Auto Service World
Feature   April 1, 2006   by Dennis Mellersh

The Three Ps of Brake Sales

Focusing on Profit, Premium, and Parts is part of a successful strategy.

Keeping the right mix of brake parts in stock is vital for jobbers to be able to effectively serve both do-it-yourself and service provider customers.

Jamie Stevens of Stevens Auto Electric, located in Grimsby, Ont., serves as an example.

“Our business depends to a large extent on word-of-mouth. We are known as a better shop in the area, but I don’t carry much in inventory because I depend on the jobbers for that. The jobbers provide good service and have excellent inventories on brake parts. So, it doesn’t make sense for me to stock too much.”

With that reality in mind, jobbers have a number of views on how many brands, quality levels, and parts numbers are needed for coverage, what pricing strategies they are using, and how they are boosting profitability.

For Carl Stockford of King County Auto Parts, Sussex, N.B., having a good inventory of higher quality brake parts ties in with his emphasis on safety. It’s also more profitable.

The store inventories one brand, and within that Carl says there are four quality levels: ceramic, premium, medium grade, and a white box line.

“There are about 250 parts numbers, with various parts having duplication in the different quality levels. We’ve got $21,000 in stock just in pads. The four quality levels give us complete coverage. We try to make our average markup on the three better-quality levels, because you have to sell four times as much white box product to make the same money.”

In selling, Stockford emphasizes safety. “I was talking to someone the other day who was wanting to buy cheap pads, and I asked him to think of what could happen with those cheap pads if he was coming down a long hill with his pick-up and a loaded trailer and the brakes faded. The big question I ask customers is, ‘Do you want to stop in time or just slow down?’ I point out to my customers that premium pads make a big difference in stopping distance,” he says.

A counterperson at one New Brunswick store, who asked not to be identified, says that carrying economy and premium levels of product helps address price concerns–local competition is stiff–but he adds that retail customers are a better opportunity for the premium brands, a segment that is making up an increasing part of that operation’s business.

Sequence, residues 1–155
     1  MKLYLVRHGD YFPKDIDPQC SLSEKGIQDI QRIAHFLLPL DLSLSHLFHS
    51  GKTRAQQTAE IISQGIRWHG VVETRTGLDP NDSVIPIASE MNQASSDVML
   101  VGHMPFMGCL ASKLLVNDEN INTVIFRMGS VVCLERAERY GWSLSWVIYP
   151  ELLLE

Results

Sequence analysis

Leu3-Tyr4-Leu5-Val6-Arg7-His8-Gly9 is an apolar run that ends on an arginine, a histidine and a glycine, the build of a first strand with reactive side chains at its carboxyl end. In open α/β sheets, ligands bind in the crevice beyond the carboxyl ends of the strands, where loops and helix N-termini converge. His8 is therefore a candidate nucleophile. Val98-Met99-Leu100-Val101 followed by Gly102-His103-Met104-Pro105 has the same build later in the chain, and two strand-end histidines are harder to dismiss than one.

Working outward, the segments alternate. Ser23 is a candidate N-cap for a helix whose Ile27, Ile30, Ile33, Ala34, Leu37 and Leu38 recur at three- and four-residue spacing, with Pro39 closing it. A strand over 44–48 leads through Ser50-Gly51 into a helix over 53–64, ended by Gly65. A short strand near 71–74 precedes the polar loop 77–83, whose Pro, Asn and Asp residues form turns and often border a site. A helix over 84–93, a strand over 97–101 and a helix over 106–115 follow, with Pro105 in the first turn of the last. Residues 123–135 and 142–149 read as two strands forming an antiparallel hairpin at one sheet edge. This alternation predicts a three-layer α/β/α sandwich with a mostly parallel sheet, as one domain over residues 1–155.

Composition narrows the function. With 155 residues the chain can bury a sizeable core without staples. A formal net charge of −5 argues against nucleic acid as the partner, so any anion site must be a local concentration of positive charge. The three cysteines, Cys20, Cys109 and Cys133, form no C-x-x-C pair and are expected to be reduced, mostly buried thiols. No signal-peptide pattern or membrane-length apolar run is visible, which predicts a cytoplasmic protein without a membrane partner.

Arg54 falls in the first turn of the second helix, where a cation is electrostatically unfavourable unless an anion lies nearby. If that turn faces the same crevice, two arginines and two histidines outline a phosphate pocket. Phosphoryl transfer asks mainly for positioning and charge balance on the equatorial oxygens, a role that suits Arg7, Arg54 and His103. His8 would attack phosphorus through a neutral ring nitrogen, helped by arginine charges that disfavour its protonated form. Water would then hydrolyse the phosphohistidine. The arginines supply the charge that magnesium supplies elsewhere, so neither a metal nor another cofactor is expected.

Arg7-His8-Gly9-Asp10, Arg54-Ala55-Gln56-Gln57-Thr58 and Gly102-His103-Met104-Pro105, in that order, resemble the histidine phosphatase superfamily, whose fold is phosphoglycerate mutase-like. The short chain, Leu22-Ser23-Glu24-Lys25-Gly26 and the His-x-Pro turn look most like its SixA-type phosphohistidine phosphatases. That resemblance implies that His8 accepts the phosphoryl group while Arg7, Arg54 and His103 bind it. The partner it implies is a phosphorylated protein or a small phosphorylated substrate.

That operation also finds that simple promotions are still effective: email and fax promotions as well as specials printed on invoices are just three examples.

Although Bill Bird Jr. of Central Auto Parts, Fredericton, N.B., says that while his firm’s emphasis is on engine rebuilding, they do sell brakes parts to the DIY market and the installer. They carry premium, premium plus, and economy within one brand to provide coverage.

Carrying one brand gives Chris Rennison of Brian’s Automotive Specialists in Drayton Valley, Alta. most of the coverage the store needs, but the store also carries some parts in additional brands because of the need for availability. “You can’t really make more money by lowering your investment in inventory. You have to have the parts right now, and that’s why we carry several brands. It’s very competitive and our service is an important aspect of our success.”

Rennison says the store carries three quality levels: premium, mid-quality, and an ultra economy line which is made offshore. “Our pricing is a function of the various quality levels and there are also pricing breaks for installers. The store’s customer mix for brakes is a combination of DIY, installers, and car dealers. We find that the car dealers don’t carry everything in brakes as the cars on the road get older.”

The concept of educating technicians is an important part of the approach to brake parts sales at Big S Automotive Parts, Strathmore, Alta.

Tyrone Blakney explains that the store carries a full premium line and a full economy line. “Because when the phone rings, you have to have the parts. We have Wal-Mart and Canadian Tire here, so people are mindful of pricing on brake parts. However, we try to educate consumers and installers on the value of quality.

“There are those customers who may want to scrimp and save, and there are those who want to do the job right. Using quality parts is a big safety issue, and we point out, for example, that if the wife and small kids are using the vehicle, you want to make sure that the brake job uses high quality parts. The big question is how quickly it can stop,” Blakney says.

In terms of parts variety, Blakney says it’s important to do a survey or otherwise get data on the vehicle mix in a jobber’s given area. “For example, we don’t have a lot of imports in this area and probably the biggest preponderance of vehicles is light trucks from the Big Three,” he says.

“Educating our techs is important and in this respect, we try to emphasize to the installer that it’s important to sell a complete brake job. We stress quality with this, because as the saying goes, you get what you pay for, and the premium quality is better value and lasts longer. Also, from a profit perspective, a quality brake job using quality brake parts involves more and better parts. There needs to be an emphasis on thoroughness and doing a failure analysis on the brakes, and in this education job with our customers, the counterperson is very important,” Blakney says.